HYMN 344 Wide Open are thy Hands
Latin: Membra Jesu Nostri
Text: Arnulf of Leuven, Abbot of Villers-la-Ville, (ca. 1200-1250) Tune: George William Martin (1828-1881) arr. by Arthur Sullivan
1 Wide open are your hands To pay with more than gold The awful debt of guilt and sin, Forever and of old. Ah, let me grasp those hands, That we may never part, And let the power of their blood Sustain my fainting heart. 2 Wide open are your arms, A fallen world to embrace, To win to love and endless rest Our wayward human race. Lord, I am sad and poor, But boundless is your grace; Give me the soul-transforming joy For which I seek your face. 3 Draw all my mind and heart Up to your throne on high, And let your sacred cross exalt My spirit to the sky. To these, your mighty hands, My spirit I resign. In life, I live alone to you; In death, I’m yours alone.
Tr. Charles Porterfield Krauth
This hymn is from a meditation on the limbs of Christ and his wounds, a popular devotional exercise in the Middle Ages. It has been attributed to the great doctor of the church, St. Bernard of Clairvaux, (1090-1153) a significant power broker in the Medieval church, who mediated between the various men who were or wanted to be pope. He encouraged the disastrous Second Crusade and was involved with the establishing of the Knights Templar. He helped further the work of his order, the Cistercians, building communities throughout Europe. Dante uses him as a guide to Paradise in his Divine Comedy. And he wrote one of the greatest hymns of the Middle Ages—Jesu, dulcis memoria. When I started researching this hymn, I thought, as many have, that it had come from that poem of 350 lines which is the source for a number of well-loved hymns in English, "Jesus the very thought of thee," and "How sweet the name of Jesus sounds," etc. But it did not.
The source is another poem, Membra Jesu Nostri. Recent scholarship has pointed to Arnulf, the Abbot of Villers de Ville as the author. He lived a bit later than Bernard. It certainly breathes the same piety as Bernard. Meditating on the wounds of Christ became a devotional discipline popular in the late middle ages, still popular in Luther's time.
Staupitz, Luther's spiritual advisor, told him once that instead of looking at himself, he should look at the wounds of Christ. Paul Gerhard, an orthodox Lutheran, used one of the stanzas of the Arnulf text for his hymn, "O Sacred Head Now Wounded." Gerhard looked at a picture of Jesus' head crowned with thorns every day on the altar in Mittenwald church where he served. So Lutherans have also mediated on the wounds of Christ enough to have one of their greatest hymns use the idea.
This hymn meditates on the hands of Christ, but does not more than obliquely speak of the wounds--"the power of the blood." There is plenty of language in the treasury of Christian piety that uses the nail scarred hands of Jesus, but given the anti-Catholicism of the day, Lutherans in the 19th century might have reacted against language about meditating on the wounds of Christ. The translator seemed to know that.
One cannot but think of Doubting Thomas, the Twin, and his announcement that he would not believe in the resurrection without seeing and touching Christ's wounds.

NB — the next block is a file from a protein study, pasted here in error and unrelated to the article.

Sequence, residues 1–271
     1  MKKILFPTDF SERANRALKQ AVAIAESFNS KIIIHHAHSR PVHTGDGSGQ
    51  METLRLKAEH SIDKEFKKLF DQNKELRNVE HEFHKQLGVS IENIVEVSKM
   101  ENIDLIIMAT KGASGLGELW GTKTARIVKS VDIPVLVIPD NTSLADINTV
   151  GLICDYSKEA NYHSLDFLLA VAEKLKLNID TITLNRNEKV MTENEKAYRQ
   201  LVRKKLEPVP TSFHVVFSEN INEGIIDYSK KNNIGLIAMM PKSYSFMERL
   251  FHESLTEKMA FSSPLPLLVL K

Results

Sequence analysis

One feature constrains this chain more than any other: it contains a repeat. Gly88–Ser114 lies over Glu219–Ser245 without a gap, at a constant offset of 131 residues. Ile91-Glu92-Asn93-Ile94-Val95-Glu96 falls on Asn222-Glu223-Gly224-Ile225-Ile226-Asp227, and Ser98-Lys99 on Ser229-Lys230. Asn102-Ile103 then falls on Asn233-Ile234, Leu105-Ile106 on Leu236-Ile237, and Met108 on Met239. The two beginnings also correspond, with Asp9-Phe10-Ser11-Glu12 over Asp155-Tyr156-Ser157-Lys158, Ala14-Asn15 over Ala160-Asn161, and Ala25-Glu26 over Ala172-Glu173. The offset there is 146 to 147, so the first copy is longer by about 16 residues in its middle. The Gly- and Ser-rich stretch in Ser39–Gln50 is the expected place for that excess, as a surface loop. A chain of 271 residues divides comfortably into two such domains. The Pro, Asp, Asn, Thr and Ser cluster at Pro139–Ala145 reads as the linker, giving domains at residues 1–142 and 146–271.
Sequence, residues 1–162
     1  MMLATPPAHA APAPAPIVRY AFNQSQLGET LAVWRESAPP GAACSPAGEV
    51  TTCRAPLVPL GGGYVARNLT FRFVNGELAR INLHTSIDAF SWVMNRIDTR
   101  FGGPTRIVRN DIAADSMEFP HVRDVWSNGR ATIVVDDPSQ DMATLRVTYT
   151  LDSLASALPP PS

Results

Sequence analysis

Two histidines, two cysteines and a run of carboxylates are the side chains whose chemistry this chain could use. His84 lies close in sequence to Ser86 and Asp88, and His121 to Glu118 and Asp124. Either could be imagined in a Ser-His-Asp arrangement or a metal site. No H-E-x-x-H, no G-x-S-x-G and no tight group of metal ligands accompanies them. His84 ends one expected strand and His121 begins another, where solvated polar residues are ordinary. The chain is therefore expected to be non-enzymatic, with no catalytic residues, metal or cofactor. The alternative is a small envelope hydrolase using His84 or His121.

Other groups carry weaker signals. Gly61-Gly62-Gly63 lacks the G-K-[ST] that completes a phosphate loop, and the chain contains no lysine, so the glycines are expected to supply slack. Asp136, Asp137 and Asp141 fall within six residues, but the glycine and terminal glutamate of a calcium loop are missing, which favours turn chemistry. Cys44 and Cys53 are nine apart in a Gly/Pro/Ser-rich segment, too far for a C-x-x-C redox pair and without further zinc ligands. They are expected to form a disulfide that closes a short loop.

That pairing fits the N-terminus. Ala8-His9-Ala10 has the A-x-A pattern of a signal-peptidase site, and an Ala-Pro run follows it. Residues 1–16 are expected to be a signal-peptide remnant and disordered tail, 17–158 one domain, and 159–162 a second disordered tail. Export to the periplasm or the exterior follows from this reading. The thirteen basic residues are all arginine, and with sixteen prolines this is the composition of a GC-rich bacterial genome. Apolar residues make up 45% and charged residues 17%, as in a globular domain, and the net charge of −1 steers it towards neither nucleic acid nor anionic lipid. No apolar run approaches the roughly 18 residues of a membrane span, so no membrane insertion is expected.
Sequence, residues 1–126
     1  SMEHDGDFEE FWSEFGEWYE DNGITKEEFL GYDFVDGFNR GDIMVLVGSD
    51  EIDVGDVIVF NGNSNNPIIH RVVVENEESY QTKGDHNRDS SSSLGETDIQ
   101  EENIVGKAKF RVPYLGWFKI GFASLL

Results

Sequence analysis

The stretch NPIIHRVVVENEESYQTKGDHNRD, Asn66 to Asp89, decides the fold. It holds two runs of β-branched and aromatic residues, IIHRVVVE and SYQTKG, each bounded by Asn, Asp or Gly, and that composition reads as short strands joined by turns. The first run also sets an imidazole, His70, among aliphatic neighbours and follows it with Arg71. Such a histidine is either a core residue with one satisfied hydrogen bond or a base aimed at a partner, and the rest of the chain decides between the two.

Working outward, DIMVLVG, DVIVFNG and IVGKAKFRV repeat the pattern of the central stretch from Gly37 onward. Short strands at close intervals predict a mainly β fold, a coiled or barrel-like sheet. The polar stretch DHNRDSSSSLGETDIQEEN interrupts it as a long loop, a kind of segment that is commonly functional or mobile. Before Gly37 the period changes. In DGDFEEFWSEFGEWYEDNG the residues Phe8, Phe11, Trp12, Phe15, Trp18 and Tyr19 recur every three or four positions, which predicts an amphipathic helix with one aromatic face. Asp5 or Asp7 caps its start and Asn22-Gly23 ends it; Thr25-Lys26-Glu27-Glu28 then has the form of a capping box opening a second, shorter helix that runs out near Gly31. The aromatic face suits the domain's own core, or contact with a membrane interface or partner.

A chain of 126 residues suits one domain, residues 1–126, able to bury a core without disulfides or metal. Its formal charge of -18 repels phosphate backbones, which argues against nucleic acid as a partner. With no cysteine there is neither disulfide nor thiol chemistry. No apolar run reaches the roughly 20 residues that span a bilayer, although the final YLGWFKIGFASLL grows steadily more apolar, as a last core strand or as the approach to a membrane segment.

I am never sure when I read that account in John that Thomas actually does touch the wounds, or that on hearing Christ speak, he is simply bowled over and begins to worship Christ. In fact, he is the first in the Gospel to call Jesus both his Lord and God. His story gets at the mystery of the faith. We have a historical faith for which there is lots of evidence. But seeing is not believing. I once heard a famous Lutheran theologian speaking about the Shroud of Turin which was under investigation at the time. Some Christians were certain that it was authentic and would prove the resurrection beyond a shadow of a doubt. He noted that even if it did, it would not bring people to faith. Faith is a gift, given to us through the Word and the Spirit. It is a mysterious transaction, but when it happens, we can see to see. Then we can look at Christ and receive all that his hands have done for us and what they continue to give us.
The translator of the hymn, Charles Porterfield Krauth (1823-1883) was one of the greatest Lutheran scholars in America at the time. He helped found and then led the Philadelphia Mount Airy Seminary. He is best remembered for his book The Conservative Reformation and its Theology (1872). He also helped formulate the Galesburg Rule: Lutheran pastors for Lutheran pulpits. He was attracted to the Oxford Movement and the effort to rediscover devotional themes from the entire history of the church. So it is not surprising to see him as the translator of this medieval poem.
Martin, the composer, sang in the Westminster Boy's Choir when Queen Victoria was crowned. He was a talented musician and composer, writing especially for glee clubs and singing societies. A difficult temperament made him hard to work with and after some success he fell out of favor and ended up destitute and forsaken. This is the same tune as for "Make me a Captive Lord." Buxtedhude wrote the first Lutheran Oratorio on the original text for which I have provided a link below.
The Norsemen Quartet
Piano music https://youtu.be/mOAgaQFUzME
Buxtehude’s setting of the entire poem/René Jacobs conducting/ gorgeous!